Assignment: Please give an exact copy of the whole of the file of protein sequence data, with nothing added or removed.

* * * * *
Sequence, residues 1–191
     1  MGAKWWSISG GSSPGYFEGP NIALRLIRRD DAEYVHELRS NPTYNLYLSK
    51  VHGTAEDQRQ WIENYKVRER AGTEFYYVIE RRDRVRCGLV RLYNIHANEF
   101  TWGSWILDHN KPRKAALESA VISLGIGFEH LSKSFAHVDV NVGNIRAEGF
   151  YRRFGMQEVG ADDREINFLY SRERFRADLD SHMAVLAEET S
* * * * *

Sequence, residues 1–191
     1  MGAKWWSISG GSSPGYFEGP NIALRLIRRD DAEYVHELRS NPTYNLYLSK
    51  VHGTAEDQRQ WIENYKVRER AGTEFYYVIE RRDRVRCGLV RLYNIHANEF
   101  TWGSWILDHN KPRKAALESA VISLGIGFEH LSKSFAHVDV NVGNIRAEGF
   151  YRRFGMQEVG ADDREINFLY SRERFRADLD SHMAVLAEET S